Household Budget Survey 2004/2005

Main results

Each private household spends €2 540 a month on average. The group “Housing, energy” accounts for the largest share of household expenditure, at 22.3%, followed by “Transport” at 16.1%, “Food, non-alcoholic beverages” at 13.0%, and “Leisure, sport and hobbies” at 12.6%.

Standardising household expenditure by household size and composition results in an average monthly equivalence expenditure (weighted “per capital expenditure”) of €1 630. The weighting of equivalence expenditure was based on the following internationally established EU scale: first adult person in the household = 1.00; every other person aged 14 and over = 0.50; children under 14 = 0.30.

If the results for the individual Länder (federal provinces) are compared, Upper Austria (€2 730) and Salzburg (€2 720) have the highest – and Vienna (€2 330) and Carinthia (€2 400) the lowest – monthly household expenditure. Equivalence expenditure allows a direct comparison of the expenditure made by households of different sizes. The picture at the level of the federal provinces is as follows: Tyrol and Salzburg come first (€1 720), followed by Vienna (€1 700), with Styria (€1 500) and Carinthia (€1 520) in last place.

The comparison of the 2004/2005 Household Budget Survey with the 1999/2000 survey shows an increase from €2 440 to €2 540 for the average monthly household expenditure, which corresponds to a nominal growth of 4.3%. An analysis of equivalence expenditure, i.e. the figure which takes account of the household size (which is decreasing over the long term) and the household structure, reveals an increase from €1 350 to €1 470, which corresponds to a rise in nominal terms of 8.5%.

Results for social statistics

As is to be expected, household expenditure increases – and equivalence expenditure decreases – the larger the number of persons in a household. Compared with single-person households, very large households spend around one fifth less per adult equivalent; if the principal earner is gainfully employed, the gap widens further, at -32%.

The results by age of the principal earner reflect consumer behaviour during the various phases of life. While younger households for instance invest relatively more in going out and in communication, older households spend more on food, housing and health.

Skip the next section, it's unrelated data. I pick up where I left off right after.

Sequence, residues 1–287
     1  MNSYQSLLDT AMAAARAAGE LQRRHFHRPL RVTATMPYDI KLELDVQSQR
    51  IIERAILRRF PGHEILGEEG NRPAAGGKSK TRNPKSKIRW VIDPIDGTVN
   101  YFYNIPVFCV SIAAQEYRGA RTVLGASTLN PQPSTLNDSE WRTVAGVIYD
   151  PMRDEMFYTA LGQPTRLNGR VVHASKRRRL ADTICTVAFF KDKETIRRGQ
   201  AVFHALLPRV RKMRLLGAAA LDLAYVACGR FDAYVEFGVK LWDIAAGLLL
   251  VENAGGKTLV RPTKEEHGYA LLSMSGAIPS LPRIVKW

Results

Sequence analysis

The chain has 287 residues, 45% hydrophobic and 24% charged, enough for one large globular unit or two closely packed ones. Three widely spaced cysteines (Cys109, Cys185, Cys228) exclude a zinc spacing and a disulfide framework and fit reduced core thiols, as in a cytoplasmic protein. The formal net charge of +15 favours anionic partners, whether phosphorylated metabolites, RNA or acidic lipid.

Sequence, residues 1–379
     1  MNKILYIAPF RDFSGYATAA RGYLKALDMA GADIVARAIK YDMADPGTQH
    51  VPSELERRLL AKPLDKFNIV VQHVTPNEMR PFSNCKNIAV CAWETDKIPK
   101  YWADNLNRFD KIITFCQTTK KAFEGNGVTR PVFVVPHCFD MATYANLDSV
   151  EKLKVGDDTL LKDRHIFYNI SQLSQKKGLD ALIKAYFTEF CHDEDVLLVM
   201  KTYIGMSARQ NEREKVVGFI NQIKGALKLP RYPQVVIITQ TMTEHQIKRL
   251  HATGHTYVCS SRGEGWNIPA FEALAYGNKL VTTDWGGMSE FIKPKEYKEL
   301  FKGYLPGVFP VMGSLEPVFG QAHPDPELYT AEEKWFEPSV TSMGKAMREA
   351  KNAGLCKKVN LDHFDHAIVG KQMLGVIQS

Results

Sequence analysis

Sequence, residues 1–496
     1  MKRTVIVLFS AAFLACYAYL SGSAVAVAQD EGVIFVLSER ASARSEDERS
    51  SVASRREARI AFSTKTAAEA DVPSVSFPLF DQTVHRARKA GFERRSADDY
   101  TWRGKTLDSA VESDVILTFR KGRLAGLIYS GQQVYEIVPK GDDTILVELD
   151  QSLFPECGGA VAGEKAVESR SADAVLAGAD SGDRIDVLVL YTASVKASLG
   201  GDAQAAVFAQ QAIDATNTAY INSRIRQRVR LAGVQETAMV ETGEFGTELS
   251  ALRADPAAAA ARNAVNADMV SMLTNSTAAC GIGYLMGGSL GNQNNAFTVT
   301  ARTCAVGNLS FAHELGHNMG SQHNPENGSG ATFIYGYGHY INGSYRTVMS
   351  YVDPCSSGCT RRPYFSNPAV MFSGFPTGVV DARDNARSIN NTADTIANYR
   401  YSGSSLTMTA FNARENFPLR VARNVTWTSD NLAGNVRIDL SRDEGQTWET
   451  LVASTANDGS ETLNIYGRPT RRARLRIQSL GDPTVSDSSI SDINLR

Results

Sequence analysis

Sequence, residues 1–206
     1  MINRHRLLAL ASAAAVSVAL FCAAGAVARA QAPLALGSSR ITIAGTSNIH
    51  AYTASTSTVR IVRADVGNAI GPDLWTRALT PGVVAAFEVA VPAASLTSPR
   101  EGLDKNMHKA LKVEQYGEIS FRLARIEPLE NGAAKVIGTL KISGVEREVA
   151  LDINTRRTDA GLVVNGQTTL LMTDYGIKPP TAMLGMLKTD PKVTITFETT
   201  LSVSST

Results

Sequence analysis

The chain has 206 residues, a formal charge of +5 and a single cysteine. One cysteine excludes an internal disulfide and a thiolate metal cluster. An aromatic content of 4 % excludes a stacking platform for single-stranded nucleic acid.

Expenditure and its composition are heavily influenced by the highest completed level of school education of the principal earner: the higher the education level, the more household expenditure and equivalence expenditure increase. The equivalence expenditure in households made up of academics is more than three quarters higher than that of households in which the principal earner has at most completed minimum compulsory education; it is also around one third higher than the average of all households. With regard to the composition of expenditure, the share of expenditure on food tends to decrease the higher the education level, contrasting with a sharp increase in the share of expenditure on leisure.


The monthly net household income (1/12 of the annual net income) was calculated for 3 156 700 households. The median of household incomes is around €2 350, that of equivalence incomes around €1 560 a month. The 25% of households with the lowest incomes had less than €1 520 per household or less than €1 160 per adult equivalent. By contrast, the 25% of households with the highest incomes had more than €3 470 in household income and more than €2 070 in equivalence income at their disposal.

Among households with low incomes, the proportion of expenditure spent on consumption shifted more towards the basic requirements of food and housing, while households with high incomes spent relatively more on leisure and transport.

Please consult our German website for tables and charts containing further information.

Results (overview): Monthly expenditures 2004/05

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